"I hope you don't suppose those are REAL
tears?" Tweedledum interrupted in a tone of
… Again, several chapters into the story Alice
contemplate waking the King:
"So I wasn't dreaming, after all,"
she said to herself, "unless--unless we're all
part of the same dream. Only I do hope it's MY
dream, and not the Red King's! I don't like
belonging to another person's dream," she went
on in a rather complaining tone, "I've a great
mind to go wake him, and see what happens!"
Deja Vu: Neo sees a
black cat twice, referring to deja vu. Alice asks
the Cheshire cat for directions while a "deja
Plato’s “Allegory of the Cave”
This is referenced as a theme throughout
the movie, but it is specifically referenced during
the “Cave Rave” scene that everyone usually
hates. It is perhaps the people of Zion that
are truly still in the proverbial cave.
The Wizard Of Oz
by Frank Baum
Referenced in the movies:
of the similarities of these two stories are a
little bit of a stretch, but taken all together it
is easy to believe the Wachowski brothers when they
say they love The Wizard of Oz. Cypher refers
directly to this movie when he says to Neo,
"Buckle your seat belt, Dorothy, cause Kansas
is going bye-bye."
The world of the Matrix is tinted in
green (the color of the code). This green world
turns out to be a hoax. Oz, the city Dorothy is
traveling to is also tinted green. The green tint in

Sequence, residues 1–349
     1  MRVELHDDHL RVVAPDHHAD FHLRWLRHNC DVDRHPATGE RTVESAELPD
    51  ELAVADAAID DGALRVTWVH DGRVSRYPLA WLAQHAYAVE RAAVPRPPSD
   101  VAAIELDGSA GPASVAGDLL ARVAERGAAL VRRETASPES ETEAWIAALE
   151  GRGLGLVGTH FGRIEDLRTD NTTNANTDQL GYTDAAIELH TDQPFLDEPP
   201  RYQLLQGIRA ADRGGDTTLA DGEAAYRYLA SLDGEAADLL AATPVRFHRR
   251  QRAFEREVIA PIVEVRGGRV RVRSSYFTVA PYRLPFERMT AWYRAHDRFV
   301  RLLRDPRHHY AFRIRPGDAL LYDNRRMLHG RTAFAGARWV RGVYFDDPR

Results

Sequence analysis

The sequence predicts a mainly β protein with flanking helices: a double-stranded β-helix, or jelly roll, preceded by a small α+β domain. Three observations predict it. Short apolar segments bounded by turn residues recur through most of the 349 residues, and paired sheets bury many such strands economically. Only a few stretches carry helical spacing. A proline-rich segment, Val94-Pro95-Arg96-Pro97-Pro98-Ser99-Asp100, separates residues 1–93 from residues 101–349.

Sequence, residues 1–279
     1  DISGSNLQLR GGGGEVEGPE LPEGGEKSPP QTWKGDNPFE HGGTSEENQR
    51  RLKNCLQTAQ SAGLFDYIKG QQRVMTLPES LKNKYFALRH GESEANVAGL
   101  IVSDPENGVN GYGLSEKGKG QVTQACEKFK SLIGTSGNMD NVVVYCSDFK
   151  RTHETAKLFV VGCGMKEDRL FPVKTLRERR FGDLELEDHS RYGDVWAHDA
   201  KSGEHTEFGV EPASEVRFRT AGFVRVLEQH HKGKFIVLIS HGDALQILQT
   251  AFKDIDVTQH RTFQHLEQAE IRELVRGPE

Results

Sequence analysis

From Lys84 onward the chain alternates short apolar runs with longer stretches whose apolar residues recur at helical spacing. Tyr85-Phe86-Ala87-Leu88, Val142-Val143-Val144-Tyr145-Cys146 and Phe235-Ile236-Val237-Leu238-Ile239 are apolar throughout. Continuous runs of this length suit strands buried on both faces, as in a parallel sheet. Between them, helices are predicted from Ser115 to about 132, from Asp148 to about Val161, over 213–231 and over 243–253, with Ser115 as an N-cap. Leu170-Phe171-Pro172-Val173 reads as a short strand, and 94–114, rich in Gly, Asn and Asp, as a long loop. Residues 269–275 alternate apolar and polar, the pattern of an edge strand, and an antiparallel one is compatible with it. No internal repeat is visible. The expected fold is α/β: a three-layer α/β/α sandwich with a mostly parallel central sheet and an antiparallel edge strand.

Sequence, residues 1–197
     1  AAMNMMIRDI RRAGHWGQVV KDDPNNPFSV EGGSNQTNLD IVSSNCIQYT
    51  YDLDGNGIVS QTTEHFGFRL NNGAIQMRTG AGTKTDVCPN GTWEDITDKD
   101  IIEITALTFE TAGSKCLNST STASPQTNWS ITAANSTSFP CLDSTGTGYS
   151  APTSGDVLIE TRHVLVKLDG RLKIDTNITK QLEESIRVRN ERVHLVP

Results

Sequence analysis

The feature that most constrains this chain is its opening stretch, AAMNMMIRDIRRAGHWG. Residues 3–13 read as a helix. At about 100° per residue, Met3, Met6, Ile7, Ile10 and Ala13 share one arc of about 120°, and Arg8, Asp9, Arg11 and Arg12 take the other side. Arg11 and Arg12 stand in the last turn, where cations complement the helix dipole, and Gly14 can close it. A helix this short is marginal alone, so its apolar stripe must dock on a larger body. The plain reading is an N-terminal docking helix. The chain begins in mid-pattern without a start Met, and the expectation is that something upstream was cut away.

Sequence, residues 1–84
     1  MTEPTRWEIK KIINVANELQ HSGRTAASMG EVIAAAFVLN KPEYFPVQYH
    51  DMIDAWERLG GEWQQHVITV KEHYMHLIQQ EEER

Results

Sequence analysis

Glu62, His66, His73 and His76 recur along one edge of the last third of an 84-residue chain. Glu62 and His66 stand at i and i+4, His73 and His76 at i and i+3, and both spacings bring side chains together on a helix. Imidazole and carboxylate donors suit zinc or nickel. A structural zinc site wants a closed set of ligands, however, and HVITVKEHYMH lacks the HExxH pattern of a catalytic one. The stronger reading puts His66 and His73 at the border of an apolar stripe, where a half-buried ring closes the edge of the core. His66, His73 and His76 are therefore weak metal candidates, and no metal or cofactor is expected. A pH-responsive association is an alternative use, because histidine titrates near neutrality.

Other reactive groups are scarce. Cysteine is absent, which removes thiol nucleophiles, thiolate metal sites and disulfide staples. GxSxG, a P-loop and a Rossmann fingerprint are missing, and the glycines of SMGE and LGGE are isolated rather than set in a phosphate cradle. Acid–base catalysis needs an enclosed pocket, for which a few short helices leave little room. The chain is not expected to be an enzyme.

the city turns out to be a hoax, too.
The Matrix, water is a very prominent theme,
even the code looks like falling rain. Dorothy uses
water to kill the Wicked Witch Of the West.
Similarly, the final fight between Neo and Smith
takes place in the falling rain.
Neo's time in the Matrix, what he thought
was his life has been a dream.
Dorothy's adventures turn out to be a dream
Neo travels to see the Oracle, sort of the
Wizard of the Matrix, who can share wisdom with him
and help him in his quest to fight the Matrix.
Dorothy travels to see the Wizard of Oz in hopes
that his wisdom will help her find her way home.
Sandman by Neil Gaiman
The Sandman (1988-1996) is a seminal DC Comics series, often cited as one of the most important titles of the modern age in comics. Neil Gaiman wrote the title for 75 monthly issues and a number of specials and one-shot stories. The individual comics have been collected into a number of books. Dave McKean illustrated the covers for each issue, and is responsible for helping developing the unifying look Gaiman wanted for his stories.
The Wachowskis chose Morpheus partly as a reference
to the main character of the same name.
Also to come:
Philip K. Dick
Thanks in large part to: http://homepage.mac.com/kdavies/matrix/litref.html